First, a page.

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The Appointment

Review

The Appointment

A novel that is one long monologue at an unspecified time and date is a bold move. To then take that narrative and turn it into an unsettling and surprisingly dark conversation about cultural and gender identity, among other things, is a particularly brave decision. Furthermore, it must be emphasized that THE APPOINTMENT is a debut novel. Katharina Volckmer walks a precipice in razor-sharp shoes, digging in on the difficult stuff and infusing the most dangerous and, frankly, disgusting thoughts (sex with Hitler, anyone?) with a humor that keeps you reading even as you are not sure you want to do so.

A young woman who is uncomfortable in her body is expressing many thoughts to a Dr. Seligman. At first we don’t know what the doctor does --- at one point, she notes that he is in a certain position to her torso, which gives you an indication of what may be going on. However, as she begins to tell the story of her fascination with the post-war German culture in which she grew up, doling out tales about sex with a married lover known only as K, as well as a number of Japanese sex toys, this unnamed woman begins to let us in on her issues with her identity. And so it goes, at breakneck speed, revelation after revelation, finally leading us to what is actually going on and what she really wants.

"THE APPOINTMENT is a treatise on how the culture in which we grow up affects every aspect of our life as an adult, as much as our parents or teachers or loved ones do. This is a very short book, but is long on ideas to ponder well beyond the last word."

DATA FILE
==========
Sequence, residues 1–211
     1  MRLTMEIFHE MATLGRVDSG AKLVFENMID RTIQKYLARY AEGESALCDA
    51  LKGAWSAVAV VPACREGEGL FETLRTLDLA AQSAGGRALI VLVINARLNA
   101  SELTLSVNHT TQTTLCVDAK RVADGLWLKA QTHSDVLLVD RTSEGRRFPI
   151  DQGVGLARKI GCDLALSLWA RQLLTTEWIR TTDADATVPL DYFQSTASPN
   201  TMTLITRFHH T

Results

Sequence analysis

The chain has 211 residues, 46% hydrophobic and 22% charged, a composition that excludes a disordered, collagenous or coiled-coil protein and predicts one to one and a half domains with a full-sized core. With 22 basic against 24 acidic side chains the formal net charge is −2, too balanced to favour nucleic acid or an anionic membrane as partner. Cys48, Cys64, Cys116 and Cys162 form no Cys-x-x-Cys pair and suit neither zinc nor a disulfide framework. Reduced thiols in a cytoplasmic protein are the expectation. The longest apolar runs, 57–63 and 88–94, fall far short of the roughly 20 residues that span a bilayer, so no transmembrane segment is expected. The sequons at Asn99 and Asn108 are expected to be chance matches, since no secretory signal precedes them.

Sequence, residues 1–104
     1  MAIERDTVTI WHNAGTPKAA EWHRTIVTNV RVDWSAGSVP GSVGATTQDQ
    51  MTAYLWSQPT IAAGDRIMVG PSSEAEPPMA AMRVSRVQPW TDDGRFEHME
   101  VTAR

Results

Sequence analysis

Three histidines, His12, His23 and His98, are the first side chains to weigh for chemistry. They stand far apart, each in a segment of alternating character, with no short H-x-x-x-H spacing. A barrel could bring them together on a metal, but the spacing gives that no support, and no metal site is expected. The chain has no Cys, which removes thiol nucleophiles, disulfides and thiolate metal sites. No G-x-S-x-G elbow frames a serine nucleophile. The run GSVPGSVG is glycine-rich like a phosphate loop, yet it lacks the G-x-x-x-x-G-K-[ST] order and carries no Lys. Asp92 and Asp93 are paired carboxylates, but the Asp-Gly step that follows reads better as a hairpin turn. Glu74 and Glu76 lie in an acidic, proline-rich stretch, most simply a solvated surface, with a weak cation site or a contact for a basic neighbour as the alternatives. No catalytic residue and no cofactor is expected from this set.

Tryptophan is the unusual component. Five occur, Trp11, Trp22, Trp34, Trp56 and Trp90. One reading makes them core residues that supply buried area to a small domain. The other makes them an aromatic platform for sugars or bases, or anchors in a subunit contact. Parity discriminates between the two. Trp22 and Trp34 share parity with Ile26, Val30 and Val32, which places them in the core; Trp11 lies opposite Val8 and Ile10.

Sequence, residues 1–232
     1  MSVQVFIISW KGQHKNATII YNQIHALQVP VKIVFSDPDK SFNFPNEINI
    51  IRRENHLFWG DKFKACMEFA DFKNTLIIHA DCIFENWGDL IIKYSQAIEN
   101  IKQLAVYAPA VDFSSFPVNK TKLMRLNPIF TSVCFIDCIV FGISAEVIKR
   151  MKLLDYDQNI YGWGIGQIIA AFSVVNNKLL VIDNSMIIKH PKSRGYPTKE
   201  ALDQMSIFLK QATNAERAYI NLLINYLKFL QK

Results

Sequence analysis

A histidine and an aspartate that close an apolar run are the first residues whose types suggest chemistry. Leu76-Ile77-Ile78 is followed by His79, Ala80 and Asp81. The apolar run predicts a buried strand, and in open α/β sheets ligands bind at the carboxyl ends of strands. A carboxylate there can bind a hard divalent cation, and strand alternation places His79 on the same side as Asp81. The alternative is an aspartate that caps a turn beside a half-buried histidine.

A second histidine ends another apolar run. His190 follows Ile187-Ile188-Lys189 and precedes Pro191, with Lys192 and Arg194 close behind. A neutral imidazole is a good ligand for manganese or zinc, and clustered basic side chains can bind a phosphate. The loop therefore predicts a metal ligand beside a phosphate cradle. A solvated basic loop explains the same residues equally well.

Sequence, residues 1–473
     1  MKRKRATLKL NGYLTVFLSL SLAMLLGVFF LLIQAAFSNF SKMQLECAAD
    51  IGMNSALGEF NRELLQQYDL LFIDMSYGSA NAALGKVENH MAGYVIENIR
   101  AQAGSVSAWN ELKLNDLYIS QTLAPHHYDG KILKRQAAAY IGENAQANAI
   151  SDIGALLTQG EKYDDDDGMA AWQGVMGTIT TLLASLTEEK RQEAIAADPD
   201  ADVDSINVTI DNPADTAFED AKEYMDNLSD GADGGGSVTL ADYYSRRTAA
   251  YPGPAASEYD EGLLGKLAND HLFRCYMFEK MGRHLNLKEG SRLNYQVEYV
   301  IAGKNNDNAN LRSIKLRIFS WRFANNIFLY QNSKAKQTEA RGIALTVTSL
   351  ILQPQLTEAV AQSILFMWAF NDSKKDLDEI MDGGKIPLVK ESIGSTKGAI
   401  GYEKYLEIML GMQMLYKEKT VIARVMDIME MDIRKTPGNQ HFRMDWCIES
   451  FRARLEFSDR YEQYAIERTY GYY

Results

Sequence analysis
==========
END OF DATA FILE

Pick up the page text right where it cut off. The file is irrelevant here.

Our narrator has no age, but we can assume that she is younger than 30. We know that K is married and thus older than her at the time of their affair. But we have no other details about her in physical time. Her stories are in the past tense, so all we know is that the sum total of these musings and experiences has brought her to this doctor for a particular appointment.

The frank discussion of sex (particularly about penises and their uses), especially as it relates to the German world before, during and after Hitler’s regime, is off-putting at times. The fantasies our heroine has in reference to the despot are unnerving, and there is little actual sensuality related when it comes to the fantasies or her real-life encounters. As with the discussions about German culture and how they fit into how she feels about her personal identity, the sex is merely another platform for intellectual discussions on being stoic in the face of toxic relationships and cultural leanings.

The fact that Volckmer cannot find a German publisher to publish this novel speaks volumes. The intersectionality of cultural identity, gender and self-identity is not for the squeamish. It is interesting, given that Germany is so very good at contextualizing its history in order to move forward and not fall prey to such despicable politics and social order, that the narrator can only think about the example of Nazi propaganda, the death camps and the unspeakable horrors of that time in a sexual fantasy. This makes it feel like a very millennial story to me, as personal and sexual freedom and identity is the revolution for the twentysomething generation. But regardless of the age of the narrator, her disturbing rants make for some very compelling reading.

Not for the lighthearted reader, THE APPOINTMENT is a treatise on how the culture in which we grow up affects every aspect of our life as an adult, as much as our parents or teachers or loved ones do. This is a very short book, but is long on ideas to ponder well beyond the last word.

Reviewed by Jana Siciliano on September 11, 2020

The Appointment
by Katharina Volckmer

  • Publication Date: September 1, 2020
  • Genres: Fiction
  • Hardcover: 144 pages
  • Publisher: Avid Reader Press/Simon & Schuster
  • ISBN-10: 1982150173
  • ISBN-13: 9781982150174